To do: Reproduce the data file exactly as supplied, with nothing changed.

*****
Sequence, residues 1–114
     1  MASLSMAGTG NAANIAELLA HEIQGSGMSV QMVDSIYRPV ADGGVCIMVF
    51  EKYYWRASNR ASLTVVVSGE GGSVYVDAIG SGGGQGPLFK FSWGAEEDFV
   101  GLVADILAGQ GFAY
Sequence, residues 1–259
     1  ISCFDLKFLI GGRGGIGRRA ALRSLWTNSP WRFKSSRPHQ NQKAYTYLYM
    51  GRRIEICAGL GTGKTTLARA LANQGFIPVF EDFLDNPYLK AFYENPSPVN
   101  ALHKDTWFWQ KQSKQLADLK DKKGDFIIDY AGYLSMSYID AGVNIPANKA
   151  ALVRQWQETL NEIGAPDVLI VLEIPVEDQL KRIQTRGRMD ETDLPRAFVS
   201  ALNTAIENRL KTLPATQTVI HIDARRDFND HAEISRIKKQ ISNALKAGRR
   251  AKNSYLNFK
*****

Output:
Sequence, residues 1–114
     1  MASLSMAGTG NAANIAELLA HEIQGSGMSV QMVDSIYRPV ADGGVCIMVF
    51  EKYYWRASNR ASLTVVVSGE GGSVYVDAIG SGGGQGPLFK FSWGAEEDFV
   101  GLVADILAGQ GFAY
Sequence, residues 1–259
     1  ISCFDLKFLI GGRGGIGRRA ALRSLWTNSP WRFKSSRPHQ NQKAYTYLYM
    51  GRRIEICAGL GTGKTTLARA LANQGFIPVF EDFLDNPYLK AFYENPSPVN
   101  ALHKDTWFWQ KQSKQLADLK DKKGDFIIDY AGYLSMSYID AGVNIPANKA
   151  ALVRQWQETL NEIGAPDVLI VLEIPVEDQL KRIQTRGRMD ETDLPRAFVS
   201  ALNTAIENRL KTLPATQTVI HIDARRDFND HAEISRIKKQ ISNALKAGRR
   251  AKNSYLNFK